A writer friend of mine has been suggesting that I set up an “Ask Amy” section of the blog, an idea that I like, but that I feel should be its own separate space here, and as my dance card only just cleared out yesterday (I delivered the copy edited PGG cookbook manuscript back to my editor at Andrews McMeel at 11:59am – I said I’d have it there Monday morning, and I wasn’t going to make a liar of me), I haven’t yet figured out how to hack my Blogger layout. Oh, but I will, don’t you worry.
In the meantime, I got to thinking about how I promised tips when I first started this blog just over a year ago, and while I like to think that I include them in my posts, sometimes one’s attention span might not be quite robust enough to read through the essay portion of the post to the recipe wherein a tip may or may not be found. For that reason, I present to you – on a random and completely at-my-whim basis – Poor Girl Gourmet Pointers. You know, ideas and discoveries to help save us money. They’ll generally just cut to the chase – but for this first one, I felt it warranted an introduction. But without further ado, I present to you the very first Poor Girl Gourmet Pointer:
Buy Green Tomatoes.
Yep. That’s it.
Seriously, though, now that many of us are experiencing cooler weather, if you’d like to extend your local tomato eating time for another month or two, buy some green tomatoes now. At my favorite farm stand, they cost $1.75 less per pound than the ripened field tomatoes do – that is, they sell for one measly dollar per pound. I bought 2 pounds nearly two weeks ago (about 4 medium tomatoes), and one of them is nearly red enough to top off that pasta with collards, white beans, and bacon that I’m so excited about, to the point that I can barely wait for my cheapo green tomato to ripen in order to make it again (but that I won’t post until I’m pretty sure you’ve forgotten about the pasta with kale, white beans, and sausage post).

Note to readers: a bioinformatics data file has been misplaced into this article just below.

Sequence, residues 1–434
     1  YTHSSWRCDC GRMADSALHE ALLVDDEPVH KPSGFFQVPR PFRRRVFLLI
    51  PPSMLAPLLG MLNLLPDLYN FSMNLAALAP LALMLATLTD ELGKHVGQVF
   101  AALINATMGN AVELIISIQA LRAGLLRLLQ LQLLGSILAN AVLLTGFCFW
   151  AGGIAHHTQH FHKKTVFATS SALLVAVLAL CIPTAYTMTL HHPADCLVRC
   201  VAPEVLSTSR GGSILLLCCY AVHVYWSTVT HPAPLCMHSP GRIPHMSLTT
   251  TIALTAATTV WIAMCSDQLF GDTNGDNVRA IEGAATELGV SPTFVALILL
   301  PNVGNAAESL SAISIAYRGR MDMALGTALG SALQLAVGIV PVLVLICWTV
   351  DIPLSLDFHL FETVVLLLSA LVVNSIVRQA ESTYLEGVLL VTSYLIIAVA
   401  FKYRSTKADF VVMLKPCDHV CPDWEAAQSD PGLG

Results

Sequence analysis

As I learned while ripening my rescued-from-late-blight tomatoes, green tomatoes do well placed in brown paper bags (leave the tops open to allow for ventilation) and set in a cool, dry spot. Check on them from time to time to be sure they are dry (to avoid rot), and use them just as you would vine-ripened tomatoes.
Green tomatoes will also keep in a 55 degree Fahrenheit root cellar (at 85 to 90% humidity) for up to 2 months (though this article by Mike and Nancy Bubel, root cellaring experts, says that if they’re kept cool and dry, they can last all the way until spring). Once the tomatoes begin to show signs of ripeness, move them to a 65 to 70 degree location to speed up the process.
Not only can you ripen green tomatoes so that in a few weeks, or a month, or two, you have a ripe, local tomato (can you say “Caprese” for a Thanksgiving appetizer?), you can also fry these bad boys up or make piccalilli. For nearly 60% off the price of vine-ripened local tomatoes, it seems silly not to make use of them. Silly, I say.
I hope you’ve enjoyed this very first Poor Girl Gourmet Pointer. Feel free to share yours as well, okay? I’m always after new ways to keep cash in my pockets!